Tuesday, March 28, 2017

Guardian Angels by Joseph A. Citro a.k.a. Joseph Citro

(1988: sequel to Shadow Child)

From the back cover

"Four years have passed since the slaughter that took place at the old Whitcome house. Four years since the tiny picture-perfect town of Antrim. Vermont was devastated by the ugliest event in the town's history. Now the bloodstained Whitcome walls have been painted over, the broken-down doors repaired. And a new family has moved in.

"Fifteen-year-old Will Crockett could have told his mother and stepfather that the bargain price on the Vermont house was too good to be true. But they never listened to him, anyway. Now weird things were beginning to happen: open doors that he knew he had locked; strange scampering sounds on the porch roof. A sense of being watched. His parents didn't believe him, but Will knew something was wrong -- something so twisted and evil that only a kid's imagination could conceive of its horror."


Review

Guardian is an okay follow-up to Shadow Child. While the characters are well-written, the storyline feels disjointed at times. Citro could have easily streamlined the novel's flow into a more smoothly-told tale by eliminating some of the set-up scenes which read a bit clunky. Not only that, it seems as if the Gentry have more powers than they did in the first book -- at one point, they are almost god-like with their magic.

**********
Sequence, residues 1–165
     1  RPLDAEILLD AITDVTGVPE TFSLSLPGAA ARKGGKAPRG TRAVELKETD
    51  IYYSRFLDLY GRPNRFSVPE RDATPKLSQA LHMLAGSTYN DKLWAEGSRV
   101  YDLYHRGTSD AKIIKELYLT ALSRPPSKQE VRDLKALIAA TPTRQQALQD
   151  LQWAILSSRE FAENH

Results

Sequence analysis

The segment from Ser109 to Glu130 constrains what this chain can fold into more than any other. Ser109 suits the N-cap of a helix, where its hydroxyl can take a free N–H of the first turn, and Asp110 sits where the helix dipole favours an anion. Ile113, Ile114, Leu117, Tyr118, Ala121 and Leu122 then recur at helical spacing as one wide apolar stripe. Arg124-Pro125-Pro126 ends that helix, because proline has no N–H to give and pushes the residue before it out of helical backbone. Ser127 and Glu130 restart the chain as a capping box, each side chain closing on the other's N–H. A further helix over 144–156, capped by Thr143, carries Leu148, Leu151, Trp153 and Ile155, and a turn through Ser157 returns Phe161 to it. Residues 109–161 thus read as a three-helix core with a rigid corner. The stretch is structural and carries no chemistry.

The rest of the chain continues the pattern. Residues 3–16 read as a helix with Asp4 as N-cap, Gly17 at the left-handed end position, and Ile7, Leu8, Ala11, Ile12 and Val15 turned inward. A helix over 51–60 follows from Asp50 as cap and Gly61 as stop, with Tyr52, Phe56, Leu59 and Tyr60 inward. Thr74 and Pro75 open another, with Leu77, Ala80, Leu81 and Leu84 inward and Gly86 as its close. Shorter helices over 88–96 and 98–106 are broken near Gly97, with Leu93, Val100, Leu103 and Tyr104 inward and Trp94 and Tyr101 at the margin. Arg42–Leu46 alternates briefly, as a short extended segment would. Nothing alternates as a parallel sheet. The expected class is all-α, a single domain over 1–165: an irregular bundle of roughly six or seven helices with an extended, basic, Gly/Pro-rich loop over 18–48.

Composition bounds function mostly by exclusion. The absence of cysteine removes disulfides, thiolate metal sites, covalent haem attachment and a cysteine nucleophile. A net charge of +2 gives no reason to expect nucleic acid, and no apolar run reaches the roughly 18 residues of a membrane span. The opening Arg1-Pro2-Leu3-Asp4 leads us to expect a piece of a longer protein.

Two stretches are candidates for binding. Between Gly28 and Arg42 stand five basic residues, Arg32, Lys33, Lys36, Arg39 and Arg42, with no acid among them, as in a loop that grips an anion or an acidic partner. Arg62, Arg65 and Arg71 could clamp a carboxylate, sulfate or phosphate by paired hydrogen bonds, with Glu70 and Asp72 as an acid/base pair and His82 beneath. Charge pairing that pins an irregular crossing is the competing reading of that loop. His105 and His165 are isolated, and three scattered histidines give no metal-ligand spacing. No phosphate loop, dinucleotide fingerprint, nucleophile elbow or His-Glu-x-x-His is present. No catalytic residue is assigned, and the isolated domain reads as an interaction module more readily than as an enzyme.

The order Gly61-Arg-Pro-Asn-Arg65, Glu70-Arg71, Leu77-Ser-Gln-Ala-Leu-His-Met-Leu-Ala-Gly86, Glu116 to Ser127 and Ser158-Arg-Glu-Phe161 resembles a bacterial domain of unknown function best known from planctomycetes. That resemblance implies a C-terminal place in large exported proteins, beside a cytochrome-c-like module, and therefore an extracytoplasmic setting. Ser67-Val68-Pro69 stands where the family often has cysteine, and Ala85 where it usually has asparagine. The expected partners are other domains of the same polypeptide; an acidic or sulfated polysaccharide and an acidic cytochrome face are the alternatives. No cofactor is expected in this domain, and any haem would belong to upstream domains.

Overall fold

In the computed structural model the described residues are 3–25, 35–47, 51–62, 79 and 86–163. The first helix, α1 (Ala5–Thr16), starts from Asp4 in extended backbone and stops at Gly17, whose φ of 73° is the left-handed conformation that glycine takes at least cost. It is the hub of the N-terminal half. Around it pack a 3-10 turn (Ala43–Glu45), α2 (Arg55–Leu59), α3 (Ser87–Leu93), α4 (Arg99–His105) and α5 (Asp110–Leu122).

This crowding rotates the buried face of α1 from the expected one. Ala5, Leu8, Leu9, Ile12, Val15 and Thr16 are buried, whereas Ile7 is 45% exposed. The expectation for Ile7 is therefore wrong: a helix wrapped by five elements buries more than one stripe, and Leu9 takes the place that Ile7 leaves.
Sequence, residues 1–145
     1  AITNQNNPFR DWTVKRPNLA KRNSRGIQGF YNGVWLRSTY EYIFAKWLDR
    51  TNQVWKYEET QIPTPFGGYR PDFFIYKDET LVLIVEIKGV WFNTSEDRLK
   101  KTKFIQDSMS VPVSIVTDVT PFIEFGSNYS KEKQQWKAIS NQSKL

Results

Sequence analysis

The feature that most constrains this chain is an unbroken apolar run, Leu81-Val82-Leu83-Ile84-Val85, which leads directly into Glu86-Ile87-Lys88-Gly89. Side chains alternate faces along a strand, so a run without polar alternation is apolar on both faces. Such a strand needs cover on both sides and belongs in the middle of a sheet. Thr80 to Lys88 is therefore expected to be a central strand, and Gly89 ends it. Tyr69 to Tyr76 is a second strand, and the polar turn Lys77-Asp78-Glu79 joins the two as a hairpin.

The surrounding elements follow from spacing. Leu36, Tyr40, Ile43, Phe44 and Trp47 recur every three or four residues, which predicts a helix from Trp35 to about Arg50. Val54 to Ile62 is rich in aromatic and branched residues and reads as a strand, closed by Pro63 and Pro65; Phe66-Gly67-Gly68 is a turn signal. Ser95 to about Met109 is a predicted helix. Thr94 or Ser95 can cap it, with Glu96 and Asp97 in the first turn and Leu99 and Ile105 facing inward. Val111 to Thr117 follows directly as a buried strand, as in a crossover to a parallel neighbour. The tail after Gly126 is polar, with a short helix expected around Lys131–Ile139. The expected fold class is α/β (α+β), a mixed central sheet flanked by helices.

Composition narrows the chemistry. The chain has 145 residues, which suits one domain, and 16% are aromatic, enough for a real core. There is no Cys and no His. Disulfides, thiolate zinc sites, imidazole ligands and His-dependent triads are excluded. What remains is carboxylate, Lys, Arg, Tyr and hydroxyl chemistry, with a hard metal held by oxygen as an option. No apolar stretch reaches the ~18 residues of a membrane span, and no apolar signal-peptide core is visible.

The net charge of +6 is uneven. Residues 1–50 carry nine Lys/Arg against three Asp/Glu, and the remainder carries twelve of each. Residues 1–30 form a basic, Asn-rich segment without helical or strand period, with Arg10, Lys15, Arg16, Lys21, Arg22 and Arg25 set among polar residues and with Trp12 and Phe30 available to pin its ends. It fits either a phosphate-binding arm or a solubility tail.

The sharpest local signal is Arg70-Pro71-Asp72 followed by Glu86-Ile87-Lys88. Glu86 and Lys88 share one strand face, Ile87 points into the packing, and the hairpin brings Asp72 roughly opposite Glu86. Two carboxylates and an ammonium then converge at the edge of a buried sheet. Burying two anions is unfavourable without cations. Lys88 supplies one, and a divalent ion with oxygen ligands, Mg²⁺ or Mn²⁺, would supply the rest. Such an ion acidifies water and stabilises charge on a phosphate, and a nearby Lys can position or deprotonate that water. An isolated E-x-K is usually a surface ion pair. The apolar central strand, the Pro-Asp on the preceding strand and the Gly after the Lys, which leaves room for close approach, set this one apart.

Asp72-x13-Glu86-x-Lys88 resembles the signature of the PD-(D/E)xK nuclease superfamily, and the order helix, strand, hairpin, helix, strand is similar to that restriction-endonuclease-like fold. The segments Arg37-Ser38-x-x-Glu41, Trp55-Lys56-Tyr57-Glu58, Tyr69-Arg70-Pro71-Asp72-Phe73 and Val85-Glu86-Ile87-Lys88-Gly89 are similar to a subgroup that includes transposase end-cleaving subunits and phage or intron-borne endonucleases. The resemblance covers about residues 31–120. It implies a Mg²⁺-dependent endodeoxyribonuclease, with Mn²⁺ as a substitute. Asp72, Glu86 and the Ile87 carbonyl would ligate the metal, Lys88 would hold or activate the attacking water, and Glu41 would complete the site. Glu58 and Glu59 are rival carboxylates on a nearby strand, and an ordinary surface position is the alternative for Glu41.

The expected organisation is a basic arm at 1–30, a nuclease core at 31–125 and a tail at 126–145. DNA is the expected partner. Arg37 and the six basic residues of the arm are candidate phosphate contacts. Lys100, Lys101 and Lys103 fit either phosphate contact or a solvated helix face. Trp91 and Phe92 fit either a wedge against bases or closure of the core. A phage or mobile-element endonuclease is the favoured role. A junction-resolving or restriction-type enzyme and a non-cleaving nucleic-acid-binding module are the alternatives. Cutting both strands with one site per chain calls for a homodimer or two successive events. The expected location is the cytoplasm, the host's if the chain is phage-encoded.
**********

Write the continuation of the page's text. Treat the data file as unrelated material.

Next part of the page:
The novel's saving graces are Citro's superb characterization, his deepening of the Gentry's mythological roots (as well as their collective role in the world) and the last hundred or so pages which explode with supernatural carnage, violence and other sexualized horror.

If you are interested in reading this, I would recommend checking it out from a library before buying it -- unless it is for a bargain-basement price or you are a fan of Citro's writing who must own everything he has published.

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